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FDA Approves First Drug for Cancers with a High Tumor Mutational Burden

The US Food and Drug Administration (FDA) has expanded the approval of the immunotherapy drug pembrolizumab (Keytruda) to include any cancer with a high tumor mutational burden (TMB-H). The new approval is for adults and children with advanced TMB-H solid tumors that are still growing despite prior treatment, and for which there are no other good treatment options.

Tumor mutational burden (TMB) is a measure of the number of gene mutations (changes) inside the cancer cells, which can be determined by a lab test. Cells that have many gene mutations (a high TMB) might be more likely to be recognized as abnormal and attacked by the body’s immune system.

Keytruda is a type of drug known as an immune checkpoint inhibitor. It works by helping the immune system recognize cancer cells and attack them.

Keytruda was already approved for treating several types of cancer, including some types of lung, head and neck, stomach, liver, kidney, bladder, and skin cancers, as well as some types of lymphoma.

Keytruda was also previously approved for all advanced solid tumors with different types of gene changes – either high levels of microsatellite instability (MSI-H) or mismatch repair deficiency (dMMR). Cancer cells with MSI-H or dMMR have trouble repairing DNA damage. This can lead to them being very different from normal cells, which can make them more visible to the body’s immune system.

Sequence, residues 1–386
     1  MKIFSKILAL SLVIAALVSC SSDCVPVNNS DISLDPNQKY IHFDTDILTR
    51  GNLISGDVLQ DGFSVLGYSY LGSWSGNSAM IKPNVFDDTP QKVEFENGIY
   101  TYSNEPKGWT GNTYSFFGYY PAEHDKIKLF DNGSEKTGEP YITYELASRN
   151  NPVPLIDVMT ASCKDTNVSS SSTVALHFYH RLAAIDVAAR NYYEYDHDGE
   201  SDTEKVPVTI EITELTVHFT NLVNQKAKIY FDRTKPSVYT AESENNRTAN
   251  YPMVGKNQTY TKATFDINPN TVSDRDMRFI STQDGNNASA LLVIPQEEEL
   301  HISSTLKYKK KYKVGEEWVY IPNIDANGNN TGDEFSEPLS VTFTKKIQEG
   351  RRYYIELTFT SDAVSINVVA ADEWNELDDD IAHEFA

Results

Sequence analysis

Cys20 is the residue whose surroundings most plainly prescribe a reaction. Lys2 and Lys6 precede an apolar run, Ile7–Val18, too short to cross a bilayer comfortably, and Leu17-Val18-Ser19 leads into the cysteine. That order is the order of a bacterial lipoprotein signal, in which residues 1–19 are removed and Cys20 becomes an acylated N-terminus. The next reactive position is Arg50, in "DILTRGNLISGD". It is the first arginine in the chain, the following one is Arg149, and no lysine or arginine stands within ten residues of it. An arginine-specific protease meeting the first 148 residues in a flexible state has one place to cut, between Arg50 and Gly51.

The new FDA approval is based on a clinical trial in which patients’ tumors were tested for TMB. Of the 790 patients tested, 102 (13%) had cancers that were TMB-H. The most common TMB-H cancers in the study were small cell lung cancer, cervical cancer, endometrial cancer, anal cancer, and vulvar cancer. Among the 102 patients with TMB-H cancers, the cancer responded (shrank or disappeared) in 29% during treatment with this drug. The average response time was 30 months, with half of the responses lasting for at least two years.

Keytruda was approved for the new indication using accelerated approval and priority review, programs the FDA can use to speed up the availability of drugs to treat serious diseases. Under accelerated approval, the company that makes the drug still needs to submit additional clinical information after approval to demonstrate its benefit. Priority review means the FDA tries to make a decision within 6 months instead of the usual 10 months.

Keytruda is given as an infusion into a vein, typically once every 3 or 6 weeks.

The most common side effects of this drug are fatigue, fever, cough, shortness of breath, nausea, itchy skin, rash, decreased appetite, constipation, muscle or joint pain, and diarrhea. Less common but more serious side effects can occur when the drug causes the immune system to attack normal cells in the body. This can lead to serious problems in the lungs, colon, hormone-making glands, liver, skin, or other organs.

Keytruda is manufactured by Merck & Co.

The American Cancer Society medical and editorial content team

Our team is made up of doctors and oncology certified nurses with deep knowledge of cancer care as well as journalists, editors, and translators with extensive experience in medical writing.

US Food and Drug Administration (FDA). FDA approves pembrolizumab for adults and children with TMB-H solid tumors. Accessed at on June 18, 2020.